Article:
Thus, land withdrawals for military purposes and other non-military projects like the Tahoe Reno Industrial Park and I-11 (another Canada-to-Mexico highway) tear up large areas that many Nevadans value while in-state officialdom usually accepts them without skepticism. Following a major disaster at Lake Denmark Naval Ammunition Depot and nearby Picatinny Arsenal in New Jersey in 1926 that left 21 people dead and the depot leveled, federal eyes were cast to other, less populated areas for a replacement. In 1930, the depot was reopened in Hawthorne, Nevada. That was at least done openly. In 2005, an obscure federal agency called the Defense National Stockpile Center chose that same site as the dump for federal stocks of mercury without ever informing the public plainly and clearly in advance what it was planning. The Reno Army Air Base operated north of Reno from 1942 to 1945. In 1948, an Air National Guard Base opened on the site, becoming Stead Air Force Base in 1951. It closed down again in 1966, the airfield handed off to the City of Reno and other properties sold off to private buyers. Over the years, as Stead evolved into its own community, it has often seemed that every time someone put a shovel in Stead ground, something nasty was found. On one occasion after construction equipment punctured a steel drum buried underground, the entirety of Stead was evacuated. With that kind of history, Nevadans in Congress arranged in the Military Lands Withdrawal Act of 1986 for a sweeping report on planned and proposed military projects in the state. It was unfortunate that it did not also mandate that past activities be included, so that some of the hazards in the state’s military installations could have been identified instead of being inadvertently discovered from time to time, as at Stead. The final report, Special Nevada Report, took five years to prepare and was delivered in 1991. It was compiled by the Air Force, Navy, and U.S. Interior Department, with input from the Army and U.S. Department of Energy. Assisting in its preparation were Science Applications International Corporation and Nevada’s Desert Research Institute. Every effort was made to assure the report was incomprehensible to the everyday reader, from technical jargon to an oddball page-numbering system and no index.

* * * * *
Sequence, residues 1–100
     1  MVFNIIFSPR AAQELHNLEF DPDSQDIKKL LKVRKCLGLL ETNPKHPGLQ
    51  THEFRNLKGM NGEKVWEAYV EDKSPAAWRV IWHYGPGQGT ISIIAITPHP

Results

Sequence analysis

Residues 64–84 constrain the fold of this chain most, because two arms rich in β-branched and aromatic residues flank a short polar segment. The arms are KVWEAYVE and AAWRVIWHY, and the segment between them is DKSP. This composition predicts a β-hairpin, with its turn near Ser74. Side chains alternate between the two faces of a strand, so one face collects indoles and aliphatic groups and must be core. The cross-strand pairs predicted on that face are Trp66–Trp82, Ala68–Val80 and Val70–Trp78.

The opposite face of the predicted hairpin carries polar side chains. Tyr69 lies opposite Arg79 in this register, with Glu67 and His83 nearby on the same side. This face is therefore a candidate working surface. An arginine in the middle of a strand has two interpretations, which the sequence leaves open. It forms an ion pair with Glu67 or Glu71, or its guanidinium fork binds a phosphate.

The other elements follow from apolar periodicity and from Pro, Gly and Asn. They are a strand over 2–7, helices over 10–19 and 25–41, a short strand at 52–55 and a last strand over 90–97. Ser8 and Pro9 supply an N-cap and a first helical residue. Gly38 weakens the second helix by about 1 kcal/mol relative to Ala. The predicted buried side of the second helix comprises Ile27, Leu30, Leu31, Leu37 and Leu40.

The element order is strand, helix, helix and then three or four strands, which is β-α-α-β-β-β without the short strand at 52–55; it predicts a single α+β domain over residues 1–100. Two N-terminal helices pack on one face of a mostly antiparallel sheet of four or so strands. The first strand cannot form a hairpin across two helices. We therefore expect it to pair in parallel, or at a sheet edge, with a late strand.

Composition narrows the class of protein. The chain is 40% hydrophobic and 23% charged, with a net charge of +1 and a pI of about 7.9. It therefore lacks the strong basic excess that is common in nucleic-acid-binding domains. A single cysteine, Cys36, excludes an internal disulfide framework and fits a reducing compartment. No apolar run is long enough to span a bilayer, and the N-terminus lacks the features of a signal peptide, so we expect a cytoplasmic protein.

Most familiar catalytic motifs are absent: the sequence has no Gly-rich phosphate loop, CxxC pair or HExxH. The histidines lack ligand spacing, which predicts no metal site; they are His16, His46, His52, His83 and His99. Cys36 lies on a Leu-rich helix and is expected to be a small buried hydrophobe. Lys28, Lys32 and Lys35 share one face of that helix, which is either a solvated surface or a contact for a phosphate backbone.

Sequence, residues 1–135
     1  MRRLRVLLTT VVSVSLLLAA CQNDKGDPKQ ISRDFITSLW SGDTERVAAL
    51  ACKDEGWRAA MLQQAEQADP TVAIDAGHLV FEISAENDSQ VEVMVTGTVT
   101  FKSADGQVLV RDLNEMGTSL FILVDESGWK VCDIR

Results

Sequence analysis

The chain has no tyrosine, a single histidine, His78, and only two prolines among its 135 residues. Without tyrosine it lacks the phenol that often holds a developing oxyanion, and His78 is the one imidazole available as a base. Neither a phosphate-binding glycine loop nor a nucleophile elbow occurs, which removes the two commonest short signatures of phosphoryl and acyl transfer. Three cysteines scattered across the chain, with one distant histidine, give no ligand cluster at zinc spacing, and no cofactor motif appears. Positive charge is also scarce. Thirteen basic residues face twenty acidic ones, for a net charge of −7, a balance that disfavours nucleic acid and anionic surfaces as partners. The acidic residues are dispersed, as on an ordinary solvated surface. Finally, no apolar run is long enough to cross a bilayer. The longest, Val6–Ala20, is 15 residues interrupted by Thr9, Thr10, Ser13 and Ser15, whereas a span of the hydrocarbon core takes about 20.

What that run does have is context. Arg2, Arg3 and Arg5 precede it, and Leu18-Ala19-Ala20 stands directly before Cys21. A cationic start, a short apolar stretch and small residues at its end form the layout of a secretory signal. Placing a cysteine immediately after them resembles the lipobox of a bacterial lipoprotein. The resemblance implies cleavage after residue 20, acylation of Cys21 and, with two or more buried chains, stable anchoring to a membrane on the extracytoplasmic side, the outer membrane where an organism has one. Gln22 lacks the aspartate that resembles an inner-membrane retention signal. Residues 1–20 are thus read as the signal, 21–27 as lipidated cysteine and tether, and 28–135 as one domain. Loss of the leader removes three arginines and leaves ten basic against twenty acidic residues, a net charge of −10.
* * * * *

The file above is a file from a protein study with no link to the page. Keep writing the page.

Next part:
While the report contained hints of the difficulties Nevada faced in dealing with the federal government, such as a section titled “Objects and Armaments Dropped from Aircraft,” it did little for the public. Those who persevered could find useful information, but as an example, there was little in the report on wide rumors of unexploded ordnance in and around the Fallon Naval Air Station and other facilities. The term unexploded appears just four times in the report’s 732 pages. Still, there were indications of 0casual indifference for the lands that federal agencies were using: “Activities on and in the vicinity of NAS Fallon have eliminated a large portion of the native vegetation. No studies have been conducted which documents effects on plants, fish, and wildlife on and in the vicinity of NAS Fallon from activities associated with the Station. Activities on the bombing ranges of the FRTC [Fallon Range Training Complex] have disturbed native vegetation.” It is not easy to nail down exactly how much Nevada land is devoted to miliary uses, but the figure 2.9 million acres is usually cited. In the Navy withdrawal referenced by Amodei, the Navy is seeking to add 619,000 acres of federal land and more than 65,000 acres of private land to the Fallon Naval Air Station. That would be an increase of 23.5 percent in Nevada land controlled by the Pentagon—and does not even count the planned Air Force withdrawal. Rep. Amodei is one of the more moderate Republicans in Congress. His interest in using the planned withdrawals to exploit other opportunities for local governments and business is a time-honored technique for U.S. House members. But it does not need to stop there. The withdrawals can be an opportunity, not just for economic development, but for education of officialdom on the ecology of the Great Basin and the necessity of Nevadans being informed of hazards up front, before a project is approved. And it can be an opportunity to examine the notion of a state seeing a huge chunk of its acreage being shut off to its residents. Most states are smaller than Nevada. Imagine their reaction if the Pentagon came calling for such large swathes of land. Ω